Phobia – simple/specific

Definition of Phobia – simple/specific

A phobia is a persistent and irrational fear of a particular type of object, animal, activity, or situation that poses little to no actual danger.

Causes, incidence, and risk factors

Specific phobias are a type of anxiety disorder in which exposure to the feared stimulus may provoke extreme anxiety or a panic attack. Specific phobias are among the most common of all psychiatric disorders, affecting up to 10% of the population.

Symptoms

Being exposed to the feared object, or even thinking about being exposed to it causes an reaction.

Signs and tests

The health care provider will ask about your history of phobia, and will get a description of the behavior from you, your family, and friends.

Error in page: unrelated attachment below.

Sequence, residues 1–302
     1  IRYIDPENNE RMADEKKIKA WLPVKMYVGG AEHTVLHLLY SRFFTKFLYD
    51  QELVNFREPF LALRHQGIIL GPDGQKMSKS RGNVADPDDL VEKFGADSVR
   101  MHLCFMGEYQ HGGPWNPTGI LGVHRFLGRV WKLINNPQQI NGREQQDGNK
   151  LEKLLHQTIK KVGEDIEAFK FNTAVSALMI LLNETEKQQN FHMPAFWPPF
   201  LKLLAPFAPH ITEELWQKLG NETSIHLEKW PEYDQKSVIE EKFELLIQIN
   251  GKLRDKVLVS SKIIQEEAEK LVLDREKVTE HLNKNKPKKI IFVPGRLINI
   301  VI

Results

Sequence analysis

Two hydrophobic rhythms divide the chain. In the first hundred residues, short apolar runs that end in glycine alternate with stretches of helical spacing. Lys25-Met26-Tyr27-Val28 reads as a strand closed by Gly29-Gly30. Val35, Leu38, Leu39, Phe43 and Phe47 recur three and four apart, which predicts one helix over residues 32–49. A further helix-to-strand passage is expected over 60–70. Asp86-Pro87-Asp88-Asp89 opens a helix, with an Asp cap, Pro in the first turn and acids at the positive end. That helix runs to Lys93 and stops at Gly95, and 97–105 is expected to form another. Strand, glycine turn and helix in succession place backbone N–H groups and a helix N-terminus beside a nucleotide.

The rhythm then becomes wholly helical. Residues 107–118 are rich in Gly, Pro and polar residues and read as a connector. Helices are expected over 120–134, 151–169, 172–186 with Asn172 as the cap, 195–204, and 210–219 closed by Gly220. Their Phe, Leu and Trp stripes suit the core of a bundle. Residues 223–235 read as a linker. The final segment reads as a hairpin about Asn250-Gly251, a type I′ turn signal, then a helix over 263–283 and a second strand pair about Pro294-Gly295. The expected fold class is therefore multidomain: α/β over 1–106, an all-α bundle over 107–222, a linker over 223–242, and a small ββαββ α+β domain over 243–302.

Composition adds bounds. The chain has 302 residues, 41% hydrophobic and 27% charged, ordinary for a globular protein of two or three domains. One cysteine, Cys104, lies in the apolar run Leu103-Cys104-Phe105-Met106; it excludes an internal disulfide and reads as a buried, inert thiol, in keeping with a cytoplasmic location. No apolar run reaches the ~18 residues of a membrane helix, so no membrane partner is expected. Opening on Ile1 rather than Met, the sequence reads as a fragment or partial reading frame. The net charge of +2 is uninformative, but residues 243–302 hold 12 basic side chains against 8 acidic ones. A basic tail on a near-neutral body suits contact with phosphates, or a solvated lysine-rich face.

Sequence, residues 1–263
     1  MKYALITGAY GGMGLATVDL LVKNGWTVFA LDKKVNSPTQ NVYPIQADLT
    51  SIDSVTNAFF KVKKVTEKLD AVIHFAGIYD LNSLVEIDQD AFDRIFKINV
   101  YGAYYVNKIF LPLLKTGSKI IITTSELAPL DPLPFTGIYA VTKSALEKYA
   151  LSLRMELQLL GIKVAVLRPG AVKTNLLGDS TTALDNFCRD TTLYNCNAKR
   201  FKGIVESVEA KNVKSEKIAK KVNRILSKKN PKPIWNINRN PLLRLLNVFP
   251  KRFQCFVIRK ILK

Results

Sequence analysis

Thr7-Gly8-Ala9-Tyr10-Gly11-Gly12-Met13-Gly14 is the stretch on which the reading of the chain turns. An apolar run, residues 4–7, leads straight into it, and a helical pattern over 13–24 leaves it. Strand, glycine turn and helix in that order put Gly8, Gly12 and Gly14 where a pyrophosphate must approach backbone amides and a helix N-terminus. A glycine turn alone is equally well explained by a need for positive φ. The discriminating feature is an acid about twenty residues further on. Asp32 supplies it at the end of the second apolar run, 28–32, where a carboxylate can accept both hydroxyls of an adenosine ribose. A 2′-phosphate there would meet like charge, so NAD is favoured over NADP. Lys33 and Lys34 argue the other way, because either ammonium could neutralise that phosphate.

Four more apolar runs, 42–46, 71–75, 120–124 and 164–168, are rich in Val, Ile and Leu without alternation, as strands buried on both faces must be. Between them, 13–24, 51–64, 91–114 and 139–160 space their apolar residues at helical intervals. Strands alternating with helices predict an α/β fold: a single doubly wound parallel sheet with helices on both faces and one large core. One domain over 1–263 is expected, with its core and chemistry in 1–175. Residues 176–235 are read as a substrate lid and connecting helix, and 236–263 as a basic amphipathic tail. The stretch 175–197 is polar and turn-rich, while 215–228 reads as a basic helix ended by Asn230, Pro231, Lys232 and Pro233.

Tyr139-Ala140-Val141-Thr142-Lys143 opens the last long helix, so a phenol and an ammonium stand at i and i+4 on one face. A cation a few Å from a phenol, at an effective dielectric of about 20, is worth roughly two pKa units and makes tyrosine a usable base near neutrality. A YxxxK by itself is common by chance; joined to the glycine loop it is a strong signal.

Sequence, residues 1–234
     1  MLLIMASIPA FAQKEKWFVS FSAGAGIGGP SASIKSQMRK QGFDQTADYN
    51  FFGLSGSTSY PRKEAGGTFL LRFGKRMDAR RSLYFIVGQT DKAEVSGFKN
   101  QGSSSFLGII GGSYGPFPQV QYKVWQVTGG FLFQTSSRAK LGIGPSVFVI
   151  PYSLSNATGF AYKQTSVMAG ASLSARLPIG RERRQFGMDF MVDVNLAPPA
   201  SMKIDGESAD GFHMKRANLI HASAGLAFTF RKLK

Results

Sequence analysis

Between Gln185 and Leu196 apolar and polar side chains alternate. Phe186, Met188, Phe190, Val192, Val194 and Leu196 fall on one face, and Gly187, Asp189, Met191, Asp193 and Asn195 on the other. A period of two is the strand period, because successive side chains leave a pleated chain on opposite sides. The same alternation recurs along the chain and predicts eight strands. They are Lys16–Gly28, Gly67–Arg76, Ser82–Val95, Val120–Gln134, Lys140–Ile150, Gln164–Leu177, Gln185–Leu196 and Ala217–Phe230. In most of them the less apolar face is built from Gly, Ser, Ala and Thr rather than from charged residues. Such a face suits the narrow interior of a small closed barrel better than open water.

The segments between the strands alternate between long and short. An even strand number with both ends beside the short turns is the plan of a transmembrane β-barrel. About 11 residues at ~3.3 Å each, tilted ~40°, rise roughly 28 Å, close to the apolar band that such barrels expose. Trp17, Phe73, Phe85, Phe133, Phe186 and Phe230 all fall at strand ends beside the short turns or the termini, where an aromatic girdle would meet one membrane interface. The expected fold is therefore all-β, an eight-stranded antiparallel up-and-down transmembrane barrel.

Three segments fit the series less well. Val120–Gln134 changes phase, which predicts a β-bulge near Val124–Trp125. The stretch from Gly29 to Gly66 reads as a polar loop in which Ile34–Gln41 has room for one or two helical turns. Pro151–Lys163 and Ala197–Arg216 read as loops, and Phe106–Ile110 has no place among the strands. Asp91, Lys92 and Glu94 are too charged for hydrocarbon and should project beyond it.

Treatment

The goal of treatment is to help you function effectively. The success of the treatment usually depends on the severity of the phobia.

Expectations (prognosis)

Phobias tend to be chronic, but they can respond to treatment.

Review

Fred K. Berger, MD, Addiction and Forensic Psychiatrist, Scripps Memorial Hospital, La Jolla, California. Also reviewed by David Zieve, MD, MHA, Medical Director, A.D.A.M., Inc. – 2/14/2010

Fears and phobias

ADAM Medical Encyclopedia

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